10 movies so bad they destroyed these actors’ careers
Some were forced into retirement; others went into hiding for a while.
1. Elizabeth Berkley, “Showgirls”
What’s now considered a cult classic was a Hollywood punchline for a decade. “I know what it feels like to be made fun of, to be humiliated, to be rejected,” she told Out Magazine in 2011. “There was no bigger time in my life at 21 years old where I had to walk through basically having my head handed to me on a national level.”
2. Mike Myers, “The Love Guru”
What was supposed to be the “Austin Powers” star’s 2008 comeback totally blew up like one of Fat Bastard’s back pimples. Paramount took a hit after the hacky comedy’s $13 million opening (number four at the box office), and Myers has quietly ducked away from TV and film since. A colleague of mine was not surprised—upon the release of the film he wanted to ask Myers on the red carpet, “So where’d you come up with the idea to play Borat?” (He didn’t actually ask that, but you get the point.)
3. Sean Connery, “League of Extraordinary Gentlemen”
Sean Connery incidentally retired after this 2003 piece of shit hit theaters.
4. Cuba Gooding, Jr., “Boat Trip”
In a 2006 interview with the New York Times, Gooding, Jr. admitted to the wrong turn he took with the super-homophobic buddy comedy. “I was wrong on so many levels … It was also for the money. When I got to ‘Boat Trip,’ I thought it was time to do something that was going to make me a $20 million player.”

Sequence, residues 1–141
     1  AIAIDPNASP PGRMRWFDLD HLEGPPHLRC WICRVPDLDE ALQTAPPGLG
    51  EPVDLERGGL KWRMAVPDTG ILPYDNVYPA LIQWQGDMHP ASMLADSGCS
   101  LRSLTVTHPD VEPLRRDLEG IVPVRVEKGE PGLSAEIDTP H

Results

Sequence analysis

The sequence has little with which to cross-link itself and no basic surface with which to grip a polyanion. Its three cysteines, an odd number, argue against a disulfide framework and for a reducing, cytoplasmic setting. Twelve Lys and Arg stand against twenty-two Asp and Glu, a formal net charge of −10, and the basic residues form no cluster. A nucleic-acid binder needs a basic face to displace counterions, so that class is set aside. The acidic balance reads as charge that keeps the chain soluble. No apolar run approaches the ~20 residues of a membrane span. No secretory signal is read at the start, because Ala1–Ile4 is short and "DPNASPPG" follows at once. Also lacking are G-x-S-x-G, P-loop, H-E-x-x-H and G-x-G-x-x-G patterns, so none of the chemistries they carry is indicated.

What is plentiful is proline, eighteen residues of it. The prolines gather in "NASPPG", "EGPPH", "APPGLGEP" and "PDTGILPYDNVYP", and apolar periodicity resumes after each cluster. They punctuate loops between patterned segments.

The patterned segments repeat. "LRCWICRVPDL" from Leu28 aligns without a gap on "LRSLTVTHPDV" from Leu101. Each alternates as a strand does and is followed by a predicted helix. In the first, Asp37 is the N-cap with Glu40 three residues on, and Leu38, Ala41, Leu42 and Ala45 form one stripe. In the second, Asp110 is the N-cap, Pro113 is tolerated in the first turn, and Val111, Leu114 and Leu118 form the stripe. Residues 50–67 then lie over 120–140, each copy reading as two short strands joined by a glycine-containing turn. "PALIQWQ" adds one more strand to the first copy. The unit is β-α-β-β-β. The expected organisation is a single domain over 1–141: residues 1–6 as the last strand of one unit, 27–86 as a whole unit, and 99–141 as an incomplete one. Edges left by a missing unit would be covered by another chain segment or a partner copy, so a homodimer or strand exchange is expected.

5. Geena Davis, “Cutthroat Island”
An A-lister at the time with box offices successes such as “A League of Their Own” and “Beetlejuice,” Oscar nominee Geena Davis starred in her then-husband’s big budget nosedive “Cutthroat Island,” which actually brought on the bankruptcy of Carolco Pictures.
6. Sofia Coppola, “The Godfather Part III”
Critics slayed Francis Ford Coppola’s daughter’s acting debut in what was a shitty enough threequel to the greatest movies ever made. Lucky for her, she went back into the Coppola castle and didn’t come out for years until she was a bad ass director. So that’s good.
7. Kevin Costner, “The Postman”
The $80 million-budgeted Costner vehicle returned less than $18 million at the box office, which was the star’s second bomb in a row. Two years prior, “Waterworld” bombed hard on a $175 million budget. Costner never quite recovered to A-list status after these productions. Not yet, anyway.
8. Ben Affleck, “Gigli”
“That was really hard for me to watch as his friend, because I didn’t think it was fair to him,” Matt Damon told Shortlist in 2011. “As his writing partner, I know how great he is … I’m glad to see him doing so well, and it’s turned back the way it should be.”
9. C. Thomas Howell, “Soul Man”
In 1986, C. Thomas Howell starred in what was basically a blackface version of “Teen Wolf,” except he didn’t go on to do greater things like Michael J. Fox. In what many deemed an accidentally racist title, “Soul Man” sent Howell off to a career in straight-to-DVD action flicks for the next 15 years.
10. Susan George, “Mandingo”
Fans of the buxom British actress mark this 1975 racy period piece as the one that permanently marked Susan George as an exploitation actress rather than an edgy, arthouse femme fatale. She never came back from this one and instead spiraled into a series of made-for-TV movies and forgettable drive-in fare. But she’s still responsible for some of the best ’70s cult movies. Check out “Straw Dogs” and “Dirty Mary, Crazy Larry.”